My classmates and I pile onto a bus and drive for over an hour, winding up and over and around the steadily climbing hills of the Luberon valley and eating tasteless crackers to keep from getting sick. Then we step out and this golden-orange view, peppered through with greenest evergreen trees, is what awaits us. We are in Roussillon, a town whose rusty clay cliffs have been mined for ochre for the past century or so.
Tipsy on the fresh air, we rush to climb and play in the silty dust like children, and the ochre cliffs---run through with brilliant smudges of pinks and oranges and crimsons, even---rub off on our clothes. The earth feels like soft charcoal on our fingers. Soon we are covered with it, and traces of color will make their way back on the bus to Aix-en-Provence with us, only to be found hours or even days later by scolding host mothers, impatient with hanging the laundry outside to dry only to find it still dirty and streaked through with red silt.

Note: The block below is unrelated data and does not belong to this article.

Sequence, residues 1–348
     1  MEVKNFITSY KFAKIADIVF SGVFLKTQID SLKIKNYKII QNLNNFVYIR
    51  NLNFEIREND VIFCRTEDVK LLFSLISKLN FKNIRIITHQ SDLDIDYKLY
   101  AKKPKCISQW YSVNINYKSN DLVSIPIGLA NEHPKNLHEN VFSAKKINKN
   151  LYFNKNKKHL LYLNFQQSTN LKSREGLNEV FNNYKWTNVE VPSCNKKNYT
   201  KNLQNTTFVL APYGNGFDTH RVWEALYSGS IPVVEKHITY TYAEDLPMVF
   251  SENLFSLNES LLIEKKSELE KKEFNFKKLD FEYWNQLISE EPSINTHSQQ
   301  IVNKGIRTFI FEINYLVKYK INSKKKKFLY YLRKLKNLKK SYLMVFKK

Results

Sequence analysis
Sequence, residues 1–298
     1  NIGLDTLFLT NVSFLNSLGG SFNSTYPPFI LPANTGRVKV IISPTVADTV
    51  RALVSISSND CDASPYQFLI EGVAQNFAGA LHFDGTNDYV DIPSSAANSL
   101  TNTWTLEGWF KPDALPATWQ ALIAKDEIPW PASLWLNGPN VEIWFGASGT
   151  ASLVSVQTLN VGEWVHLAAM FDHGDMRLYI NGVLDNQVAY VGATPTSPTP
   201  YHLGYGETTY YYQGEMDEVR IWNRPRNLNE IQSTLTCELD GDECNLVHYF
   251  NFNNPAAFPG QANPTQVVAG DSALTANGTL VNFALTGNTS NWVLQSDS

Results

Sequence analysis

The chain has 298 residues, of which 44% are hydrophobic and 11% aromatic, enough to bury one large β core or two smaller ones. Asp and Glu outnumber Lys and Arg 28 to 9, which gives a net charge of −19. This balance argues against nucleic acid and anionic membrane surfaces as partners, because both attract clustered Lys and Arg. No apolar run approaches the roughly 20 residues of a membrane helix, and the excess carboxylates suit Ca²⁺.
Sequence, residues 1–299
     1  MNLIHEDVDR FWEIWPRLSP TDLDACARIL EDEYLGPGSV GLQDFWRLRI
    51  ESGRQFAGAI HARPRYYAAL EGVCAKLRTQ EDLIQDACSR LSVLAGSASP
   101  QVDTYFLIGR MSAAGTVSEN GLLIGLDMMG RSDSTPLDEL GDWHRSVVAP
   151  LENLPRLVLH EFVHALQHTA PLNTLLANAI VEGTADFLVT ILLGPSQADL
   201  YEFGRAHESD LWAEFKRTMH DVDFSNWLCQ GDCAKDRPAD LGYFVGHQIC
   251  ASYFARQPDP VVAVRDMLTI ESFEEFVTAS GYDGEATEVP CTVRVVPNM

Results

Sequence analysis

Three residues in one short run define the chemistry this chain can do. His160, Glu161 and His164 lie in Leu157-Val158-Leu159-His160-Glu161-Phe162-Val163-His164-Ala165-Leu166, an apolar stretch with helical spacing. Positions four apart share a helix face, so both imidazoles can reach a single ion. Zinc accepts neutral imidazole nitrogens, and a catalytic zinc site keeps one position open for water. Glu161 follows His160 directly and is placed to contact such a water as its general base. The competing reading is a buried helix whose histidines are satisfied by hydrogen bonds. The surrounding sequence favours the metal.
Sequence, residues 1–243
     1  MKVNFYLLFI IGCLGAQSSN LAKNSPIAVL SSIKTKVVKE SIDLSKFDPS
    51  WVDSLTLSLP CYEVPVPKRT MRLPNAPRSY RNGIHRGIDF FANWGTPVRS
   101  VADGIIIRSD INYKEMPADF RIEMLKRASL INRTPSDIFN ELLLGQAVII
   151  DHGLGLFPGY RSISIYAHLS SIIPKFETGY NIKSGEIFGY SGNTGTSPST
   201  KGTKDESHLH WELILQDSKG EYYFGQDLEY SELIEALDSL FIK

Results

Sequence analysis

Why they insist on cleaning our clothes is beyond us---the teachers at the ACPP center tell us it is a différence culturelle which translates most directly as don't question it.